Or go submit your posts through our Submittable page.

If you have an idea for a regular column or feature? E-mail us here:

Thanks for submitting!

Contributor Update: Check out Jonathan Alston’s blog

Jonathan Alston was a contributor to our Spring 2013 issue, and you can stay informed about his upcoming projects on his blog.  He posts a few times each month, often discussing the writing life and process: reviews The Conium Review’s Fall 2013 issue recently reviewed our latest issue.  The reviewer says “I found myself constantly itching to find out what was going to happen next . . . ” and she was pretty impressed with Claude Clayton Smith’s novella from the issue. Natalie Peeterse also gets a shout out; the reviewer says “Sonora” ” . . . cuts to the core of experience . . . ”  Take a look at the full review here.

Fall 2013 Cover Art Unveiled

Vol2 No2We’re pleased to unveil the cover art for The Conium Review, Vol. 2, No. 2 (Fall 2013).  The artwork, entitled “River Horse,” is courtesy of Loren Kantor, a LA-based woodcut artist and writer.  Loren has worked in the film industry for twenty years as a screenwriter and assistant director, and he’s been carving woodcuts for the past five years.  You can find more of his work at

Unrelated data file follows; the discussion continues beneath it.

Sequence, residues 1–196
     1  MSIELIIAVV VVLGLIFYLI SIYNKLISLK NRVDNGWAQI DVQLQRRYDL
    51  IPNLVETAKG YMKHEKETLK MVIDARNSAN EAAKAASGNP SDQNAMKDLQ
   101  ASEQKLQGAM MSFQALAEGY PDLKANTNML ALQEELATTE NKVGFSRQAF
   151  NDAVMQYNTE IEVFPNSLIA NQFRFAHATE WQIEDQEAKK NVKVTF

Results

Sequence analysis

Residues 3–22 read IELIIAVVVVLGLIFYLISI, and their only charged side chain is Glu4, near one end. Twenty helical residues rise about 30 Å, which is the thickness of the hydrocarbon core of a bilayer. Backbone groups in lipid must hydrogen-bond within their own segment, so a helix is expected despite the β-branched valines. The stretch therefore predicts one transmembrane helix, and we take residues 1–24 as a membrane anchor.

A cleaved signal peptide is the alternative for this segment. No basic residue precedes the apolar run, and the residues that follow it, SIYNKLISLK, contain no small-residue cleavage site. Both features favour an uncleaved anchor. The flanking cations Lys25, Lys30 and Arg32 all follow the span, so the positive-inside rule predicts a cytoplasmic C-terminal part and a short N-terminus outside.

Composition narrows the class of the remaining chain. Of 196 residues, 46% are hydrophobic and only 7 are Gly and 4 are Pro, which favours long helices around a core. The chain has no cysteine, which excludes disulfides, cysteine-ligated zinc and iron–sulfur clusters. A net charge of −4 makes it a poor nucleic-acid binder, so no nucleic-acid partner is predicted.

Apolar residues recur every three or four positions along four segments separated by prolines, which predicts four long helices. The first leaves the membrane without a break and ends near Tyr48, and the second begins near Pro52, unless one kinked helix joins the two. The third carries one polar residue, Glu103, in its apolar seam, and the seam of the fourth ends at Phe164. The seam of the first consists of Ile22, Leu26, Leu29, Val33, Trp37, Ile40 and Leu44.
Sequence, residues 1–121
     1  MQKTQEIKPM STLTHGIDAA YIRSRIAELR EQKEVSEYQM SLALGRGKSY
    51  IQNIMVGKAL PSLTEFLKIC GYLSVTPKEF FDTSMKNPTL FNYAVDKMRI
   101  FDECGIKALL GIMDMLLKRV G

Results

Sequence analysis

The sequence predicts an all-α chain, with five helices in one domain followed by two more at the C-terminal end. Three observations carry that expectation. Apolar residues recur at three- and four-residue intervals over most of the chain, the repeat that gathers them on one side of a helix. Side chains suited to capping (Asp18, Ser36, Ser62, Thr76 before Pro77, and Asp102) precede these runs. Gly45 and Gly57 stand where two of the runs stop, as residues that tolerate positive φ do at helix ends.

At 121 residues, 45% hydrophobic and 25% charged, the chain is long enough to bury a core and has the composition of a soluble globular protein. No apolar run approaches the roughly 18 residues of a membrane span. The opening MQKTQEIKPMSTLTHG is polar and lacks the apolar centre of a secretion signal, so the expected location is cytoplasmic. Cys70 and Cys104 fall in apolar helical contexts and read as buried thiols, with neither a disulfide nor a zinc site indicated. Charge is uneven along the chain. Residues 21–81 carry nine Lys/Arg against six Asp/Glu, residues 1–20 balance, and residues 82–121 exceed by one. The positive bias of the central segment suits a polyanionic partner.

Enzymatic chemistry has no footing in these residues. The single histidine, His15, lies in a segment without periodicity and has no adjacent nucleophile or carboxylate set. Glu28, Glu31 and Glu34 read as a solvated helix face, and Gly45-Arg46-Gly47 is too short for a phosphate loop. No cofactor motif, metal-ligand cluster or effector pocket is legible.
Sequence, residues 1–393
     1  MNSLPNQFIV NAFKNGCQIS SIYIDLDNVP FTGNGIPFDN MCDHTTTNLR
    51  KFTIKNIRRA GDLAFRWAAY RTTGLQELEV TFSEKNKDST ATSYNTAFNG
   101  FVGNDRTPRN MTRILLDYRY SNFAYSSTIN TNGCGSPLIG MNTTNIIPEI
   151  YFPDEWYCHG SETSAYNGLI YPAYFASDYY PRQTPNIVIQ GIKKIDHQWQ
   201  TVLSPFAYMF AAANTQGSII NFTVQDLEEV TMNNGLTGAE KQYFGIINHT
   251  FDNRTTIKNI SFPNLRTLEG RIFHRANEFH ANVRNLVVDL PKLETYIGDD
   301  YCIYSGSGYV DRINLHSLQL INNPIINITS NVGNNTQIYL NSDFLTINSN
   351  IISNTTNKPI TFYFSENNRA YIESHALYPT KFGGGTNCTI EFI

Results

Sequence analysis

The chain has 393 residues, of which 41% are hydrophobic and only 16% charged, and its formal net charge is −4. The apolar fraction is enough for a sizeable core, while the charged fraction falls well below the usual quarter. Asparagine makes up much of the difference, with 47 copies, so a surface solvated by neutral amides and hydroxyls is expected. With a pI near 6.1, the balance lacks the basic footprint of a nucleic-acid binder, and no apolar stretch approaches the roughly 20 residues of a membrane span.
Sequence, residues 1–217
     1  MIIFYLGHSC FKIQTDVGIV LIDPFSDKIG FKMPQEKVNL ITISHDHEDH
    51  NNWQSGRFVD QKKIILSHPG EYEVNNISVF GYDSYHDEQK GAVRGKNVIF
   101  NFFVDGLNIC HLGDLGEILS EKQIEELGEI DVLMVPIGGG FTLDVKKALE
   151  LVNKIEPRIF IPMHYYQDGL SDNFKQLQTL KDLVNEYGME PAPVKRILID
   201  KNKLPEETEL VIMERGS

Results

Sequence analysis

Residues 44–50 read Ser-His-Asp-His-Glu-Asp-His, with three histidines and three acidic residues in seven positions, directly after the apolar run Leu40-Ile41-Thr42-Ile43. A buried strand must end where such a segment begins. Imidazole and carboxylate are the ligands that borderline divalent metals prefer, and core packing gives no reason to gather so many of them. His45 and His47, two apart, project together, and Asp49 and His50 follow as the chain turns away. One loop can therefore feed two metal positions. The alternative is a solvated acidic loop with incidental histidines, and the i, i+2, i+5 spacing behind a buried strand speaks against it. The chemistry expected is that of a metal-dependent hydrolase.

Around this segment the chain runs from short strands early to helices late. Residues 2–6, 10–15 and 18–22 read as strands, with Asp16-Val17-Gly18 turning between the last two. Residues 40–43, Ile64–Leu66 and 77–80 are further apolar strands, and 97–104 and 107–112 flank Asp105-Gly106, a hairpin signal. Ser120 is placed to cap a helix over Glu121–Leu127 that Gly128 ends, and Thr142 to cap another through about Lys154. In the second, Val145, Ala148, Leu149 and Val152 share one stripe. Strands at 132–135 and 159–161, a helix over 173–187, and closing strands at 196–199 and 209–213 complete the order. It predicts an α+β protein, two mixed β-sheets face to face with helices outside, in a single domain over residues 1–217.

Book Review: Stray Decorum

Stray Decorum
Written by George Singleton
Dzanc Books, 2012
ISBN 9781938103544

Stray DecorumGeorge Singleton releases his fifth story collection with characters who are odd sorts of people, strays in their own lives, while strangely likeable. Upon reading anything by George Singleton, the reader instantly gets a sense of his distinct voice, which is an amalgamation the small town South (as in Flannery O’Connor) and cutting, satirical humor. A first read through this collection makes it clear that Singleton is a dog lover, but most of these stories are more about people who love their animals and how they discover meaning in their lives through their animals. You will not find any Old Yeller plot constructions or any moments where the demise of man’s best friend serves as the climatic device. These stories are smarter than that.